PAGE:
(17) Any victim, witness or private detective licensed under the act of August 21, 1953 (P.L.1273, No.361), known as The Private Detective Act of 1953, to intercept the contents of any wire, electronic or oral communication, if that person is under a reasonable suspicion that the intercepted party is committing, about to commit or has committed a crime of violence and there is reason to believe that evidence of the crime of violence may be obtained from the interception.

18 Pa. Cons. Stat. Ann. 5702[3]. Definitions.

As used in this chapter:

“Intercept.” Aural or other acquisition of the contents of any wire, electronic or oral communication through the use of any electronic, mechanical or other device.

“Electronic, mechanical or other device.”Any device or apparatus, including, but not limited to, an induction coil or a telecommunication identification interception device, that can be used to intercept a wire, electronic or oral communication […]

“Oral communication.” Any oral communication uttered by a person possessing an expectation that such communication is not subject to interception under circumstances justifying such expectation. The term does not include any electronic communication.

18 Pa. Cons. Stat. Ann. 5725[4]

(a) Cause of action.–Any person whose wire, electronic or oral communication is intercepted, disclosed or used in violation of this chapter shall have a civil cause of action against any person who intercepts, discloses or uses or procures any other person to intercept, disclose or use, such communication; and shall be entitled to recover from any such person:

(1) Actual damages, but not less than liquidated damages computed at the rate of $100 a day for each day of violation, or $1,000, whichever is higher.

(2) Punitive damages.

(3) A reasonable attorney’s fee and other litigation costs reasonably incurred.

18 Pa. Cons. Stat. Ann. 7507.1[5]. Invasion of privacy.

(a) Offense defined.-Except as set forth in subsection (d), a person commits the offense of invasion of privacy if he, for the purpose of arousing or gratifying the sexual desire of any person, knowingly does any of the following:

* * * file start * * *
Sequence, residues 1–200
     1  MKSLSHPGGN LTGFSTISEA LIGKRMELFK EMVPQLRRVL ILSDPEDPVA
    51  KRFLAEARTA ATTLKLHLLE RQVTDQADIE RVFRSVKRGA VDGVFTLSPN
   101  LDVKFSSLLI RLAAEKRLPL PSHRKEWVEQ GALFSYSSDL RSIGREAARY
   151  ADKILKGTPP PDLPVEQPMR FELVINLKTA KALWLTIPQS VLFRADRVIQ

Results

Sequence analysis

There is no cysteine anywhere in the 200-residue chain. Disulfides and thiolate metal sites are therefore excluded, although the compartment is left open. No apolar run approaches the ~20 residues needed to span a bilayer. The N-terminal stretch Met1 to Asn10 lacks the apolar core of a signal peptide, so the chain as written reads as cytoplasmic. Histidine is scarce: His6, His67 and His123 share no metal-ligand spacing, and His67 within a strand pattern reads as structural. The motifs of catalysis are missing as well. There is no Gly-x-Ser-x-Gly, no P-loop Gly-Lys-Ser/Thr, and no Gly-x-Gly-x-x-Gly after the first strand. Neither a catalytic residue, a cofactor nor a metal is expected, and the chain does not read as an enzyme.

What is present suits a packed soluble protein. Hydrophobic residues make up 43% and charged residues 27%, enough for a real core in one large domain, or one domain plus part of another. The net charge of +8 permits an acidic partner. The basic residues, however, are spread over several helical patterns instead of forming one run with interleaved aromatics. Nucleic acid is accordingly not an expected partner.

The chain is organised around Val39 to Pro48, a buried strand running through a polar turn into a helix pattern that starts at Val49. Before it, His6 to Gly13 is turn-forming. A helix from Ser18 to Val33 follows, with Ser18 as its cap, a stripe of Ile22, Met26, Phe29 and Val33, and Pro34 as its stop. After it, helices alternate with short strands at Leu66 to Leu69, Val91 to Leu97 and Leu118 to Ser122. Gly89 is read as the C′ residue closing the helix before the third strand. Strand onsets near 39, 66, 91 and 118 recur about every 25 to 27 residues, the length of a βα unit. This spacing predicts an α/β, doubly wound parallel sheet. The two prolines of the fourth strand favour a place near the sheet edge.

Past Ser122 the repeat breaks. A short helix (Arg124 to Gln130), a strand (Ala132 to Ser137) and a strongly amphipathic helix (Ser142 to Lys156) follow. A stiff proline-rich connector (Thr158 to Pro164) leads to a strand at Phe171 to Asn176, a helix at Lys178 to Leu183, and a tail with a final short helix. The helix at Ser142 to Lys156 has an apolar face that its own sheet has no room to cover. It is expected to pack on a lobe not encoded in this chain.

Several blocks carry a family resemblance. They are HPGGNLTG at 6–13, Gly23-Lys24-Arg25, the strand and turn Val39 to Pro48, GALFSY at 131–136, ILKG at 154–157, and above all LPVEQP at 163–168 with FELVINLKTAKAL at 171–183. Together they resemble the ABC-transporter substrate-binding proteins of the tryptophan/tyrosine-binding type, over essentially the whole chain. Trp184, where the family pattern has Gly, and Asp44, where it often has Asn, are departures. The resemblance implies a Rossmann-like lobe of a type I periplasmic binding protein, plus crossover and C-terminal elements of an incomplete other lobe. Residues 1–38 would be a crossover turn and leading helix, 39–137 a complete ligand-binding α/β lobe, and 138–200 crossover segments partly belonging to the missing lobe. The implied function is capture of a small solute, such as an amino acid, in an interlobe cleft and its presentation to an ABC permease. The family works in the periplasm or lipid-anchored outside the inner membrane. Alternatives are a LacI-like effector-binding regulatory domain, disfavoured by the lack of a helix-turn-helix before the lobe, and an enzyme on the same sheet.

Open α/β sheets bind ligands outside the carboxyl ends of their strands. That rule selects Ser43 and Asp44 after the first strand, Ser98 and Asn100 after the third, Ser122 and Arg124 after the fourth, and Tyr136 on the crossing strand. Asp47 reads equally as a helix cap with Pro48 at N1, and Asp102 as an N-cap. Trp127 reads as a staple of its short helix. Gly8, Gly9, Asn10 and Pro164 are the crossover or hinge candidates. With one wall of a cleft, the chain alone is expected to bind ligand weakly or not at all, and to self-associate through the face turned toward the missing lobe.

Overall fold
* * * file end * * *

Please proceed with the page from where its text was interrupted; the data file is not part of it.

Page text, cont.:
(1) Views, photographs, videotapes, electronically depicts, films or otherwise records another person without that person’s knowledge and consent while that person is in a state of full or partial nudity and is in a place where that person would have a reasonable expectation of privacy.

(2) Photographs, videotapes, electronically depicts, films or otherwise records or personally views the intimate parts, whether or not covered by clothing, of another person without that person’s knowledge and consent and which intimate parts that person does not intend to be visible by normal public observation.

(3) Transfers or transmits an image obtained in violation of paragraph (1) or (2) by live or recorded telephone message, electronic mail or the Internet or by any other transfer of the medium on which the image is stored.

(b) Grading.–Invasion of privacy is a misdemeanor of the second degree if there is more than one violation. Otherwise, a violation of this section is a misdemeanor of the third degree.

 

 

[1] Source: http://www.legis.state.pa.us/cfdocs/legis/LI/consCheck.cfm?txtType=HTM&ttl=18&div=0&chpt=57&sctn=3&subsctn=0

[2] Source: http://www.legis.state.pa.us/cfdocs/legis/LI/consCheck.cfm?txtType=HTM&ttl=18&div=0&chpt=57&sctn=4&subsctn=0

[3] Source: http://www.legis.state.pa.us/cfdocs/legis/LI/consCheck.cfm?txtType=HTM&ttl=18&div=0&chpt=57&sctn=2&subsctn=0

[4] Source: http://www.legis.state.pa.us/cfdocs/legis/LI/consCheck.cfm?txtType=HTM&ttl=18&div=0&chpt=57&sctn=25&subsctn=0

[5] Source: http://www.legis.state.pa.us/cfdocs/legis/LI/consCheck.cfm?txtType=HTM&ttl=18&div=0&chpt=75&sctn=7&subsctn=1